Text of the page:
Hippocampus erectus, Perry 1810

Sara A. Lourie, Riley A. Pollom & Sarah J. Foster, 2016, A global revision of the Seahorses Hippocampus Rafinesque 1810 (Actinopterygii: Syngnathiformes): Taxonomy and biogeography with recommendations for further research, Zootaxa 4146 (1), pp. 1-66: 24

publication ID

http://doi.org/10.11646/zootaxa.4146.1.1

publication LSID

lsid:zoobank.org:pub:35E0DECB-20CE-4295-AE8E-CB3CAB226C70

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http://treatment.plazi.org/id/03C42F37-0C7B-730A-FF66-CDBDBD6AD871

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scientific name

Hippocampus erectus
status

 

H. erectus Perry 1810 

English common names. Lined Seahorse, northern seahorse, spotted seahorse.

Neotype. USNM 223087

Type locality. ‘American seas, coasts of Mexico and West Indies’ (presumably Atlantic coasts)  . Neotype from Florida (Gulf of Mexico)  , USA.

Synonyms. H. hudsonius DeKay 1842  , H. punctulatus Guichenot 1853  , H. marginalis Kaup 1856  , H. fascicularis Kaup 1856  , H. laevicaudatus Kaup 1856  , H. villosus Günther 1880  , H. stylifer  Jordan and Gilbert 1882, H. brunneus Bean 1906  , H. kincaidi Townsend and Barbour 1906  , Syngnathus caballus Larranaga 1923  .

Distribution. Anguilla, Antigua and Barbuda, Aruba, Azores Islands (though possibly as a vagrant or of anthropogenic origin—see Woodall et al. 2009), Bahamas, Barbados, Belize, Bermuda, Brazil, British Virgin Islands, Canada, Cayman Islands, Colombia, Costa Rica, Cuba, Cura ç ao, Dominica, Dominican Republic, French Guiana, Grenada, Guadeloupe, Guatemala, Guyana, Haiti, Honduras, Jamaica, Martinique, Mexico, Montserrat, Netherlands Antilles, Nicaragua, Panama, Puerto Rico, St. Kitts and Nevis, St. Lucia, St. Vincent and the Grenadines, Suriname, Trinidad and Tobago, Turks and Caicos, USA, US Virgin Islands, Venezuela.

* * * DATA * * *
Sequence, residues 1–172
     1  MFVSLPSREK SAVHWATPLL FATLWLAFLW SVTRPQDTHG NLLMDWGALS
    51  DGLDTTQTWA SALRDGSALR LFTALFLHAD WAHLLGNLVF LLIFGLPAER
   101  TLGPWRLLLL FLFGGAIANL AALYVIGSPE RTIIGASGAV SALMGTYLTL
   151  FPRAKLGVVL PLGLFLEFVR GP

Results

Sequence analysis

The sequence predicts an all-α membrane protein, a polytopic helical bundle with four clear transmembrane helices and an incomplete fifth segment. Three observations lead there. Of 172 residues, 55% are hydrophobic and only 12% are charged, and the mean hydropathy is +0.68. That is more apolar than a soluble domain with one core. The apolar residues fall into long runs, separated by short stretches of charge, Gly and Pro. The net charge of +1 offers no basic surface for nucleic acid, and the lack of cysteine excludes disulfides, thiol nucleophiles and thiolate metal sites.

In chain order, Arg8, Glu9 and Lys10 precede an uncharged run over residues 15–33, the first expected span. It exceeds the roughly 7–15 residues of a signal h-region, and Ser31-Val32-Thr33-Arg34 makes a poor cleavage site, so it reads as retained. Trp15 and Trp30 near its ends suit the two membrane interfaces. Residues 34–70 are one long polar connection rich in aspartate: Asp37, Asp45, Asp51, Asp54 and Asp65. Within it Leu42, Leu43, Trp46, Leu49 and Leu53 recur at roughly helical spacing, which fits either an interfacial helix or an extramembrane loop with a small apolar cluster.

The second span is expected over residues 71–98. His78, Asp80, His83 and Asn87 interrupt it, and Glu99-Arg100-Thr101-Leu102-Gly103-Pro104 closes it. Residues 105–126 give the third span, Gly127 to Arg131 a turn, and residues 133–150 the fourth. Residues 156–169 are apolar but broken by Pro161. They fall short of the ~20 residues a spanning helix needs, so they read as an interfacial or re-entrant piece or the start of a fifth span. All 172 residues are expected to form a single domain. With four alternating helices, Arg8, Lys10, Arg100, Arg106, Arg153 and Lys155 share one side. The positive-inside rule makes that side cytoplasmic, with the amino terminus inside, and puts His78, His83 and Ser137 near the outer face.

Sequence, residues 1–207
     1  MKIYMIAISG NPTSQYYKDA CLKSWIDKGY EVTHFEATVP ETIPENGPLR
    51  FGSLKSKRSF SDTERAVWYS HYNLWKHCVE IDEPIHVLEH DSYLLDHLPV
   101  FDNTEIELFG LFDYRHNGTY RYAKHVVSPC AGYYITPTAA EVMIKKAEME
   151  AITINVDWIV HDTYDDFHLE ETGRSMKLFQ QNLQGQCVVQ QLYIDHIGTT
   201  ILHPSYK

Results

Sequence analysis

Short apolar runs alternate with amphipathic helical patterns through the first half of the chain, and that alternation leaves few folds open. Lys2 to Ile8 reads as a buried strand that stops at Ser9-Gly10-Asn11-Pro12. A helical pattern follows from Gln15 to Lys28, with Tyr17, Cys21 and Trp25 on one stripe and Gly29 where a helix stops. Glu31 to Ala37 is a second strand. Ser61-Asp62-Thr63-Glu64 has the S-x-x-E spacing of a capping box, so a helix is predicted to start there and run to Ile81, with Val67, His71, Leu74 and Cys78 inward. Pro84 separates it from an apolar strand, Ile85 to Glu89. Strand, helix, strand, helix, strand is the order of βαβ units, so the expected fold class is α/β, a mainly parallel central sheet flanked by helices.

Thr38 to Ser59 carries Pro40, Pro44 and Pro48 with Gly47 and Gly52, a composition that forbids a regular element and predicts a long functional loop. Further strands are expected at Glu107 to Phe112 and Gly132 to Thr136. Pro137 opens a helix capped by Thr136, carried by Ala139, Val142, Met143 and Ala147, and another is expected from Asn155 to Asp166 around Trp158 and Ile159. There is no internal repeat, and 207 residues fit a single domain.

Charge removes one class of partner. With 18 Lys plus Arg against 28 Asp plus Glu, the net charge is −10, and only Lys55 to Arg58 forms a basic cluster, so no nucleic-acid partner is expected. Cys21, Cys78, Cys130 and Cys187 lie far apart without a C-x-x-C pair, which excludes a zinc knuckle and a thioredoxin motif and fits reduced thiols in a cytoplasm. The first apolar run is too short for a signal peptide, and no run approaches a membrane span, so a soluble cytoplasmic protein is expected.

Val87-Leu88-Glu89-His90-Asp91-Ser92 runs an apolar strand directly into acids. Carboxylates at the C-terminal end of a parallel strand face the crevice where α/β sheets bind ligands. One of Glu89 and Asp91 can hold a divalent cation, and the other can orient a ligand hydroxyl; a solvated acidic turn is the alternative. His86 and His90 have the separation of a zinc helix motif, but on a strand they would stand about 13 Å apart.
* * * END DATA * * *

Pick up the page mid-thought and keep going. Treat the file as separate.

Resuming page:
Notes. No type specimen is associated with the original description of H. erectus  , and its type locality was not specific, but we here designate a neotype from the centre of its range. Vari (1982) revised the western Atlantic seahorses and made the synonymies, however the morphological variation, particularly in terms of spine development among some specimens, is relatively large. The Brazilian H. erectus  forms a genetically distinct clade (648bp, CO1), separate from the Caribbean specimens, however the genetic distance between these clades (1.6%, Silveira et al. 2014) is below the 2% threshold employed in this revision. Boehm et al. (2015) indicate that H. erectus  from the Gulf of Mexico to Long Island exist as three genetic subpopulations (based on 11,708 single nucleotide polymorphisms), although an earlier study based on 3840bp (mtDNA cyt b, CO1, CR) and five nuclear loci (aldolase, myh6, rhodopsin, Tmo4c4, S7 intron) gave no evidence to support a distinction on either side of Cape Hatteras ( Boehm et al. 2013). Boehm et al. (2015) have recently demonstrated that this species is resident as far north as Long Island  . Many records of the species exist from over the Scotian shelf off the east coast of Canada—further research is needed to determine whether they are resident there or if they are vagrant drifters on the Gulf Stream.